alleged 2013 conduct according to the University's 2015
student manual. Compl. ¶ 100; 8/7/2016 Email at 3-6. He
also objected to the possibility that the University would
adjudicate Jane's June 2016 complaint before
investigating and deciding his May and June 2016 complaints.
Compl. ¶ 102; 8/7/2016 Email at 1-2. Hearing nothing in
response to these concerns, see Compl. ¶ 103,
John Doe filed this suit against Jane Doe and the University
of Chicago, asserting several Title IX violations and making
numerous state-law claims, see Id. ¶¶
time of the lawsuit's filing, John moved for a temporary
restraining order to restrain the University from subjecting
him to its disciplinary process. See Pl.'s Br.
at 3. The Court held a hearing on the motion on the day that
it was filed. See 8/24/2016 Minute Entry. At that
hearing, the University agreed to use the 2013 student
manual's definition of consent, give John an extension of
time to respond to Jane's June 2016 complaint, and
consider all three disciplinary complaints in one proceeding.
See Id. The Court ultimately denied John's
request for a TRO, because there was no irreparable harm that
justified even a temporary injunction without notice to the
University and an opportunity for the University to be heard.
But the Court did convert the TRO motion into a motion for
preliminary injunction and requested further briefing on the
issue of irreparable harm. Id.
preliminary injunction is “an extraordinary remedy that
may only be awarded upon a clear showing that the plaintiff
is entitled to such relief.” Winter v. Natural Res.
Def. Council, Inc., 555 U.S. 7, 22 (2008). To prevail on
a motion for a preliminary injunction, a moving party must
show that its case has some likelihood of success on the
merits and that it has no adequate remedy at law and will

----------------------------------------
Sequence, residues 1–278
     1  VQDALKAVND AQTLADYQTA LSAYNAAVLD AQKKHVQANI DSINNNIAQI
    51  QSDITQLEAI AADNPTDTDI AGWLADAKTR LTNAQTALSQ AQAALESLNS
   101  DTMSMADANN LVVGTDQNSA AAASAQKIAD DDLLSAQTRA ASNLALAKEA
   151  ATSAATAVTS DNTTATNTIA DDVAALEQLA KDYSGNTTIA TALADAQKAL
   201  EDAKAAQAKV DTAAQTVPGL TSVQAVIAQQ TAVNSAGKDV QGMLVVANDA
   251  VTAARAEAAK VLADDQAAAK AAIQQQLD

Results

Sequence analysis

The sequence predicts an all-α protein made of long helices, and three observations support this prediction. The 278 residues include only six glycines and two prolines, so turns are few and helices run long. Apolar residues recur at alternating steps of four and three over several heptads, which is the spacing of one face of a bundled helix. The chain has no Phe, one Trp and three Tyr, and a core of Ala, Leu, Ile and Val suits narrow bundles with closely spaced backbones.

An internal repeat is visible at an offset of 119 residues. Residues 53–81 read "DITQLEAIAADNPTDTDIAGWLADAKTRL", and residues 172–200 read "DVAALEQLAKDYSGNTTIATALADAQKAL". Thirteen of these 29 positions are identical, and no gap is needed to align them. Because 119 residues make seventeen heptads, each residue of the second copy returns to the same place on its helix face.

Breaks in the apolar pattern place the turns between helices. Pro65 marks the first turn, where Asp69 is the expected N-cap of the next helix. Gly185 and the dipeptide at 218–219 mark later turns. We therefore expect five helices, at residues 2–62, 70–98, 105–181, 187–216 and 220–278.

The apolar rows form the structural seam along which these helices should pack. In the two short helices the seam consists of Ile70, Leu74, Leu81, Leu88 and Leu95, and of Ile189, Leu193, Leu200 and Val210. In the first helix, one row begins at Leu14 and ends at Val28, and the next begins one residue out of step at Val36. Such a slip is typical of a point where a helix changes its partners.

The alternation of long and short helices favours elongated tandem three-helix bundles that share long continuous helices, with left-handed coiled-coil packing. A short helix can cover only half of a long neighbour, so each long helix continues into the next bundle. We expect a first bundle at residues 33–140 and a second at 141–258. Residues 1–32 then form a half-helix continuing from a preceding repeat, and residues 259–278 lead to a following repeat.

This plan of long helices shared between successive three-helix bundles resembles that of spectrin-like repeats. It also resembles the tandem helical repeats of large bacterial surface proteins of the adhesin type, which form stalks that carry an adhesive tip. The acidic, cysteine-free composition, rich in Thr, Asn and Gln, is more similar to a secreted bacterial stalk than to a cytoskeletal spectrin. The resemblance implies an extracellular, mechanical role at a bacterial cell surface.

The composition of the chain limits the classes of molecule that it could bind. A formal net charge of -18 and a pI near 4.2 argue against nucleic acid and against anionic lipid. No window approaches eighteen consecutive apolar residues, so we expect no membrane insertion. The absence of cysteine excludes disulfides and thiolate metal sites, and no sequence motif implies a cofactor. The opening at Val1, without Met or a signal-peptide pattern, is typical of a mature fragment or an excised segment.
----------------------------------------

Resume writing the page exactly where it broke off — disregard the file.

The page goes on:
suffer irreparable harm if a preliminary injunction is
denied. Stuller, Inc. v. Steak N Shake Enters.,
Inc., 695 F.3d 676, 678 (7th Cir. 2012). If the moving
party meets these threshold requirements, then the court
balances the nature and degree of the potential harm to each
party and the public interest. Girl Scouts of Manitou
Council, Inc. v. Girl Scouts, Inc., 549 F.3d 1079, 1086
(7th Cir. 2008).
Doe contends that the University is subjecting him to a
“fundamentally unfair, arbitrary, and capricious
disciplinary procedure that violates both Title IX and [the
University's] Policies.” Pl.'s Br. at 2. He has
asked for an injunction- relying specifically on the basis of
his negligence, promissory estoppel, and Title IX retaliation
claims, see Id. at 3-to (a) prevent the University
from using the 2015 student manual to evaluate the 2013
sexual encounter and to (b) halt the University's
disciplinary process until it remedies the alleged Title IX
violations and fully adjudicates his May 2016 Complaint,
id. John initially claimed that an injunction
was necessary because money damages could not adequately
compensate him for any lost educational opportunities and any
damage to his reputation that might result from the
University's disciplinary process. Id. at 30. He
now claims that an injunction is necessary because the way in
which the University is conducting its disciplinary
proceeding is causing him psychological harm, which has
recently resulted in episodes of self-harm. See R.
23, Pl.'s Reply Br.